All zombies want to do is rise from the dead and eat people, with a preference for brains. This is the sole motivation of the flesh-eating creatures, and yet we can watch them do this over and over, whether it's in a campy funny way as in Shaun of the Dead
or the brand new Woody Harrelson
, or even in an artistic way as in 28 Days Later
. The psyche of the zombie is utterly simple. There's something about rotting, walking corpses biting into the necks of their victims and/or eating entrails that is utterly entertaining.
Check out our five favorite zombie films:
(also known as "Zombie," "Island of the Living Dead," "Zombie Island," "Zombie Flesh Eaters" and "Woodoo") (1979)
This Italian film features an underwater zombie biting into a real live shark! If you have any amount of testosterone pumping through you, then you have to admit that a scene like that is just about the coolest thing ever. Indeed, with its graphic, grotesque scenes, one trailer promised barf bags at theaters for those who needed them. Outstanding.
4) Dawn of the Dead
This movie wastes no time, and even though it never gets quite as good as those first 20 minutes or so, it's still a great film through out. Rarely are remakes worth doing, but this one offers faster zombies and exciting, creative action sequences.
3) Dawn of the Dead
A mall is overrun with zombies in this zombie classic, and not the mall zombies you see wandering aimlessly looking for those "you are here" signs. Here, George Romero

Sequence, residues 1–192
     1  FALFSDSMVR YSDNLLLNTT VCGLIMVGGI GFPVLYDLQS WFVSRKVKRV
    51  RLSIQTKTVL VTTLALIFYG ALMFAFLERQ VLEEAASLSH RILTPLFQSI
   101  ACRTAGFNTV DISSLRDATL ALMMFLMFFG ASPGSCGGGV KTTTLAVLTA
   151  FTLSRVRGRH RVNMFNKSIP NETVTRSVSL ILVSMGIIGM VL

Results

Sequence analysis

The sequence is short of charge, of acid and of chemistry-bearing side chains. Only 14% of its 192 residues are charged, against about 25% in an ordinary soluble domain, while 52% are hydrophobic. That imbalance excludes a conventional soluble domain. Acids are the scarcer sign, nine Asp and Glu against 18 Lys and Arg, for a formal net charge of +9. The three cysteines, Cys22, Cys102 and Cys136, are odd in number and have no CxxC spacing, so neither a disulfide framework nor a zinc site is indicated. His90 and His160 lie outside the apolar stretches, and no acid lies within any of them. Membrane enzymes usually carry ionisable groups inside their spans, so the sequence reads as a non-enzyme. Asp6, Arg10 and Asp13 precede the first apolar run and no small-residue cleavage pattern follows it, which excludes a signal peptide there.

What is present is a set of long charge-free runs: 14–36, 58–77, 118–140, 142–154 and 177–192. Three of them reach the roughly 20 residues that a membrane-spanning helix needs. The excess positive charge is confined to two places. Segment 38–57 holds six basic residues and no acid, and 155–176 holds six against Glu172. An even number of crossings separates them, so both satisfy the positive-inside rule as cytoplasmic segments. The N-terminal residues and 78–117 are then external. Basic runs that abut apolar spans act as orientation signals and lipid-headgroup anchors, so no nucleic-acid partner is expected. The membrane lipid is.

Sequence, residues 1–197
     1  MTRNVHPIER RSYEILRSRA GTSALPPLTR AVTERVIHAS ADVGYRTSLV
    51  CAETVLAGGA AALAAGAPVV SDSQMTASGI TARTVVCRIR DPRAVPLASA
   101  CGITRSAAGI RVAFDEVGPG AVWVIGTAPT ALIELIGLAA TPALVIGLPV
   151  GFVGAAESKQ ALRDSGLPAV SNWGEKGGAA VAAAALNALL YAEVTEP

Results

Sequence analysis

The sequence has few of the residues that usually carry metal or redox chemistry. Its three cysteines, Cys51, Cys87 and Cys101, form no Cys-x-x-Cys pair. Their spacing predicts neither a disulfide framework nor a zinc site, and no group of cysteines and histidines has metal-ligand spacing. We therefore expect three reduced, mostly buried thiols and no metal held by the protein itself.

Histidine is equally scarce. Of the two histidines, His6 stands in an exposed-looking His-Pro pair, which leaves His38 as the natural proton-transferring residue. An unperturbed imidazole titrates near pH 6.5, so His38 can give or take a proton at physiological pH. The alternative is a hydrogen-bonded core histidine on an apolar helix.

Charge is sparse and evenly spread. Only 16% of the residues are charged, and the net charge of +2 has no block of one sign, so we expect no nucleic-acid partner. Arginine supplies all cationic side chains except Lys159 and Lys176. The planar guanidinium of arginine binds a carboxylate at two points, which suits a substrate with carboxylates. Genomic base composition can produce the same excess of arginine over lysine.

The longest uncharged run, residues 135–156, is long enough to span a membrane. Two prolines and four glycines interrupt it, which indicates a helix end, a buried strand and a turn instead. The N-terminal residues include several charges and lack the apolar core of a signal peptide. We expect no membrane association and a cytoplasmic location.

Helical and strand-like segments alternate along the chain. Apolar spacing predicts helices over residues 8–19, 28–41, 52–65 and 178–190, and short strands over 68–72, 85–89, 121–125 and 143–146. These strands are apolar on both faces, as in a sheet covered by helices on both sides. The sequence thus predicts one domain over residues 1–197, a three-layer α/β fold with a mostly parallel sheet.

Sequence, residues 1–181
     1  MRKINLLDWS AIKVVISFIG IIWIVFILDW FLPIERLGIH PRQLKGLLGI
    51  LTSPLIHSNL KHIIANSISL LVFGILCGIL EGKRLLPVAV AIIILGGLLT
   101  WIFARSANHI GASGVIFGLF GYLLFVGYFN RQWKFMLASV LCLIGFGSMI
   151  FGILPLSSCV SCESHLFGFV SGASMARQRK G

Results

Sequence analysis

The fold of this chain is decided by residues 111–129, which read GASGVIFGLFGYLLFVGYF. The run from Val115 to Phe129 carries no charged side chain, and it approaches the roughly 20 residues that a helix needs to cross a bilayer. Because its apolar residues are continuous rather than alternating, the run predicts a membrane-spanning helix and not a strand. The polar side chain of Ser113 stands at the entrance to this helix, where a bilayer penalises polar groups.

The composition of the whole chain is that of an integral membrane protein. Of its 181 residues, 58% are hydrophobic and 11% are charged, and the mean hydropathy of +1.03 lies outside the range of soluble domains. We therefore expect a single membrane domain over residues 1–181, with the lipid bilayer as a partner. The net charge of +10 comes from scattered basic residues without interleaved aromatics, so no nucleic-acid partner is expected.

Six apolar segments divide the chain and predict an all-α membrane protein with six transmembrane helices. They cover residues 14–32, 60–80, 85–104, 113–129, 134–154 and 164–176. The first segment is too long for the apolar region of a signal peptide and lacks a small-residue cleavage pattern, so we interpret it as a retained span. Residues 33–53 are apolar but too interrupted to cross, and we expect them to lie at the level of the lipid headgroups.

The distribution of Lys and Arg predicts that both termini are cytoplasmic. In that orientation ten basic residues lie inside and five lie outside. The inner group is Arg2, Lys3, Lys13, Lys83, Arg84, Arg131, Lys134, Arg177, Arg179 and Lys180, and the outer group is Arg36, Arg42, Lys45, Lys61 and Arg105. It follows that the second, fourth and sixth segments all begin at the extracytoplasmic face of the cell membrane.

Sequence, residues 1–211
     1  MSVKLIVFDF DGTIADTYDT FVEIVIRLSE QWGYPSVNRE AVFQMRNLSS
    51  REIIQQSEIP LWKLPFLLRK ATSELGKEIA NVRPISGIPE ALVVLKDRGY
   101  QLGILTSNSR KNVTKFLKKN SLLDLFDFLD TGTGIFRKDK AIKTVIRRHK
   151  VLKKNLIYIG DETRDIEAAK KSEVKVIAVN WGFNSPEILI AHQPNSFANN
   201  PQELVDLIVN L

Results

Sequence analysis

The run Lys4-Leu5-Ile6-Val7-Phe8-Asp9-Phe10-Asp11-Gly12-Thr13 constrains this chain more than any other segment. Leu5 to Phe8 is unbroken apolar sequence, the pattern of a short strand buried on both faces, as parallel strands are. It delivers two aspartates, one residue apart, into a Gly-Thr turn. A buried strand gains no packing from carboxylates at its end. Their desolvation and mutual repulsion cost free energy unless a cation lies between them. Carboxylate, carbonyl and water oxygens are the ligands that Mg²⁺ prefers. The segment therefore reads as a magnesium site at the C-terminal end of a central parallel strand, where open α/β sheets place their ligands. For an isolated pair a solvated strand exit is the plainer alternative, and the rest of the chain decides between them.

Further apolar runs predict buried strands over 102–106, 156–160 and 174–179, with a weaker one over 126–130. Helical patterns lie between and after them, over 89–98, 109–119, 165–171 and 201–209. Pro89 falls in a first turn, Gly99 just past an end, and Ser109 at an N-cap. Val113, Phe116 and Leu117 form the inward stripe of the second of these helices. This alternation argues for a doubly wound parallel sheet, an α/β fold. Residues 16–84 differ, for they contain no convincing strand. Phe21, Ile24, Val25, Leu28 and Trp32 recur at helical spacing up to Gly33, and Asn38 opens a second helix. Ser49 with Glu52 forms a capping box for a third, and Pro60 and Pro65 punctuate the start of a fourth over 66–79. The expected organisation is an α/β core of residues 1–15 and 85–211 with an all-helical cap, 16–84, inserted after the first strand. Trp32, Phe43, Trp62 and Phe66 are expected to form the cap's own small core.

most successfully implements the use of the undead to make a statement about the fundamental breakdown of modern society, and most critics agree that it's a good film.
2) Night of the Living Dead
With a budget of just over $100,000, grossing over $30 million internationally, it's no wonder so many zombie films followed in its wake: zombies bring in the dough! This is without a doubt one of the most influential horror films of all time, and made in 1968, it's arguably the first truly scary film that is still scary.
1) 28 Days Later
A zombie art film from Trainspotting director Danny Boyle, this film introduced us to the super fast zombie, a brutally scary transition from the slow, deliberate undead we were so used to. It's well acted, beautiful to look at, innovative, the soundtrack is terrific, and it's exciting from start to finish.
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What do you think, readers? Leave us a comment. Those of you who have seen "Zombieland," how does it stack up against these films?
Story by Matthew J. Swanson
Starpulse contributing writer